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The Sky This Week: Mercury, Saturn, and Jupiter shine

Three planets share the early morning sky while several famous stars and clusters are ripe for observing from February 19 to 26.
RELATED TOPICS: OBSERVING
Mercury, Jupiter, and Saturn in the morning sky February 20, 2021
Morning triad
Early risers can catch Mercury forming the apex of a triangle with Saturn and Jupiter shortly before sunrise on February 20.
Astronomy: Roen Kelly
Friday, February 19
First Quarter Moon occurs at 1:47 P.M. EST. The Moon is a popular observing target because it is accessible to everyone, regardless of your observing experience or equipment. Taking some time to get to know our satellite at every phase is easy, fun, and can spark your imagination as you gaze up at Earth’s constant companion.

If you do have a bit of observing experience, tonight is a great time to key in on the Moon’s northeastern limb to locate the large craters Hercules and Atlas. Nearby — closer to the lunar edge — is Mare Humboldtianum, only sometimes readily visible thanks to a phenomenon called libration. This perceived “nodding” motion of the Moon occurs not because the Moon is actually moving up and down, but because its orbit causes it to bob slightly from our point of view, allowing certain regions near the edges to roll into and out of view. Follow the Moon over the next several days to see how your view of this particular region changes as it waxes from First Quarter to Full.

Sunrise*: 6:47 A.M.
Sunset: 5:41 P.M.
Moonrise: 10:49 A.M.
Moonset: 12:36 A.M.
Moon Phase: First Quarter
*Times for sunrise, sunset, moonrise, and moonset are given in local time from 40° N 90° W. The Moon’s illumination is given at 12 P.M. local time from the same location.
AstroMinute3final
Saturday, February 20
Mercury is stationary at 8 A.M. EST this morning. You can catch the smallest planet just a few hours earlier as Mercury, Saturn, and Jupiter form a triangle in the early-morning sky for those willing to rise before the Sun. Saturn and Mercury rise together 4.4° apart around 5:40 A.M. local time in Capricornus, followed by Jupiter 7° east of Saturn about 22 minutes later. Mercury shines at magnitude 0.9, while Saturn is a slightly fainter 0.6. In two days, however, the planets will match in brightness exactly. Jupiter, although lower, is much brighter at magnitude –2, making it easier to spot in the brightening twilight. Keep an eye on the time and stop using optics a few minutes before sunrise in your location.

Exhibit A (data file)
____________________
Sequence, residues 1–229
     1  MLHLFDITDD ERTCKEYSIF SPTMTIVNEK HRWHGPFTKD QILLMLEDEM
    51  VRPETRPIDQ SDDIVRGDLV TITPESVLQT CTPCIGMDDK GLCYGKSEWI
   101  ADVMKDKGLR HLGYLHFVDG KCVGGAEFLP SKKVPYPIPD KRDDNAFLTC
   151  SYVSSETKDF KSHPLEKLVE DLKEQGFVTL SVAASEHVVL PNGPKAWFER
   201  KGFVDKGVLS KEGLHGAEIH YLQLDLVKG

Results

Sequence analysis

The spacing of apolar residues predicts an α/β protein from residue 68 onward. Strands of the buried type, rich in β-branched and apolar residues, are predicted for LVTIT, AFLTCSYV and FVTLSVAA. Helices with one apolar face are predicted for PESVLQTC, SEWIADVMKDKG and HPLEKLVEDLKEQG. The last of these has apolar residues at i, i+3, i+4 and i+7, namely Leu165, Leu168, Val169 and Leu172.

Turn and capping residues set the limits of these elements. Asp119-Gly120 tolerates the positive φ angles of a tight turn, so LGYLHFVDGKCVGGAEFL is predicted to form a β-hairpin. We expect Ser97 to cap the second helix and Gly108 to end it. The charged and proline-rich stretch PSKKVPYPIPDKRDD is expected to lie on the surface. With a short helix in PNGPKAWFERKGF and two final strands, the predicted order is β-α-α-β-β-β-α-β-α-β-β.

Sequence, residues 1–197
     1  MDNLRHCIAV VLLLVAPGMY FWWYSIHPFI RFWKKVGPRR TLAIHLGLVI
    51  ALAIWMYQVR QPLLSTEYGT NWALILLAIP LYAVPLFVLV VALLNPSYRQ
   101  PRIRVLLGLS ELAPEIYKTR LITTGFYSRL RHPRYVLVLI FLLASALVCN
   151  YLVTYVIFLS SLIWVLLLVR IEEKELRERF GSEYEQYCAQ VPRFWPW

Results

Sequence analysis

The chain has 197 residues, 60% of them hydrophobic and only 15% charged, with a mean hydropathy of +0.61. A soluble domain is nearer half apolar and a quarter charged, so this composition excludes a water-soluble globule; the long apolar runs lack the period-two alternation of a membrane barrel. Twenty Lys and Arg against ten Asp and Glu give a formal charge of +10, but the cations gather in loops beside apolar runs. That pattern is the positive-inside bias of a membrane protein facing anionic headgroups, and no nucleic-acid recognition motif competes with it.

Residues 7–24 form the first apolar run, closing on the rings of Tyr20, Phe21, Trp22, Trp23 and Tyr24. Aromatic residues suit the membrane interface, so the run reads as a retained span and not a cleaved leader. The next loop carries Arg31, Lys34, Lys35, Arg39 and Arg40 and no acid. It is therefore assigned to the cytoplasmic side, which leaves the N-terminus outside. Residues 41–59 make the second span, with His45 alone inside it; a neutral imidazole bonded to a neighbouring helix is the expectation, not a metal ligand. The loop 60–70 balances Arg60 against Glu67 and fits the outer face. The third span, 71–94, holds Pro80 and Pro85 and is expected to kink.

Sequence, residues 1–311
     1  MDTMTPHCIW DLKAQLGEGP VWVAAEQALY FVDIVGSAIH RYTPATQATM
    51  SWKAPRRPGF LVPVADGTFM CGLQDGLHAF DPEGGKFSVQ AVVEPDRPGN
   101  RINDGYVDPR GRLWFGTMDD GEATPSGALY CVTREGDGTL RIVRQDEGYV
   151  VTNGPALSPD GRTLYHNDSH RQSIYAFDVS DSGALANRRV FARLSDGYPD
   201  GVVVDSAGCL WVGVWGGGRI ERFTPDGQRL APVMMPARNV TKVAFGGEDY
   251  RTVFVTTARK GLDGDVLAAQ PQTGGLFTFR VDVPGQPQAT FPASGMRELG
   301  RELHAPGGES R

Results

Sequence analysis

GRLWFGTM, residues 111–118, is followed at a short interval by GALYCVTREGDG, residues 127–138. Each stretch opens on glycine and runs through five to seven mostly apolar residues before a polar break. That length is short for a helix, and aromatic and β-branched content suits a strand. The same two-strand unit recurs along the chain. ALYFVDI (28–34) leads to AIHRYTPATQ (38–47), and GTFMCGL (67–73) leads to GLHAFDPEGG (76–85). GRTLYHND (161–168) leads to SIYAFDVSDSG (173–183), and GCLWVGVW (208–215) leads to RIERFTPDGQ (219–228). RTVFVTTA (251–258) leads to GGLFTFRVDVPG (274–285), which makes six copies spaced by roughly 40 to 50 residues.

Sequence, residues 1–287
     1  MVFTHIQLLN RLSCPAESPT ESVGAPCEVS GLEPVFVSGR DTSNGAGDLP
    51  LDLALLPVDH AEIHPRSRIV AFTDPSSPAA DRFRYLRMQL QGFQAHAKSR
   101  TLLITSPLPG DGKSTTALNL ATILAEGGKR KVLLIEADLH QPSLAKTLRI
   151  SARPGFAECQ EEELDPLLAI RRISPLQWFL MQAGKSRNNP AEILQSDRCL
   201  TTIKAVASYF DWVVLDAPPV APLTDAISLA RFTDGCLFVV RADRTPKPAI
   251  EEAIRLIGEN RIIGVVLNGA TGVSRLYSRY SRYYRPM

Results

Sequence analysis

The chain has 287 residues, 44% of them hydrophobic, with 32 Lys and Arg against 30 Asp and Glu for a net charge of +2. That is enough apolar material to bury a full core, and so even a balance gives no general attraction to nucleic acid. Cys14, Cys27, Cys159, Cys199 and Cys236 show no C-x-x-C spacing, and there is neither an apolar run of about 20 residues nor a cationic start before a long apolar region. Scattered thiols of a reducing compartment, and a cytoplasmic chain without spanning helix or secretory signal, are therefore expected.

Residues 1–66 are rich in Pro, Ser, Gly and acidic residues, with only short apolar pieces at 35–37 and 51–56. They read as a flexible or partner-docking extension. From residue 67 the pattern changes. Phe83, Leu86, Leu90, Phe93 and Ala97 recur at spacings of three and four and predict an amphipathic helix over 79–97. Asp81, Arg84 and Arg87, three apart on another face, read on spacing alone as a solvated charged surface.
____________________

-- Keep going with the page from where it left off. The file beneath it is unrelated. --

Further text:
Over the next few days, Mercury will continue moving east, flattening the triangle until it meets and then overtakes Jupiter early next month.

Sunrise: 6:46 A.M.
Sunset: 5:42 P.M.
Moonrise: 11:23 A.M.
Moonset: 1:36 A.M.
Moon Phase: Waxing gibbous (59%)

Sunday, February 21
Asteroid 29 Amphitrite reaches opposition in Leo the Lion at 11 P.M. EST. Discovered in 1854, Amphitrite is one of the larger bodies in the Main Belt. Currently magnitude 9, you’ll find this 120-mile-wide (193 kilometers) world 5° east of Regulus, Leo’s brightest star. Binoculars or a small scope should show it and the later you wait, the higher Leo will rise, improving visual quality.

While you’re in Leo, scan farther east to find Chertan (Theta [θ] Leonis), then look 2.5° southeast of the magnitude 3 star to find the famous Leo Triplet of galaxies: NGC 3628, M65, and M66. These interacting spirals lie roughly 35 million light-years away and offer the opportunity to view three galaxies at the same time, all oriented at different angles with respect to Earth. M66 is the brightest at magnitude 9, while M65 and NGC 3628 are around magnitude 10. You’ll want a wide field of view (roughly 1°) to see all three at once.

Sunrise: 6:44 A.M.
Sunset: 5:44 P.M.
Moonrise: 12:03 P.M.  
Moonset: 2:35 A.M.
Moon Phase: Waxing gibbous (69%)
Star chart showing Lepus the Hare
Ruby red
Hind’s Crimson Star (R Leporis), lies near Lepus’ border with Eridanus. You’ll find it 3.5° west-northwest of magnitude 3.3 Mu (μ) Leporis.
Astronomy: Roen Kelly
Monday, February 22
By the time darkness falls this evening, Orion the Hunter is well above the horizon in the south. Beneath him is Lepus the Hare, a lesser-known constellation with several night-sky treasures to explore.

One is the star R Leporis, also called Hind’s Crimson Star for its discoverer, J. R. Hind. It’s located 3.5° west-northwest of magnitude 3.3 Mu (μ) Leporis. This carbon star is one of the sky’s reddest stars, colored such a vibrant ruby by a combination of its low temperature and the absorption of blue light by carbon in the star’s atmosphere. R Leporis is also a variable star, whose brightness swings over the course of a little more than a year from magnitude 5.5 at its brightest to magnitude 11.7 at its dimmest. You’ll need at least binoculars to spot it, but you’ll certainly notice once you have.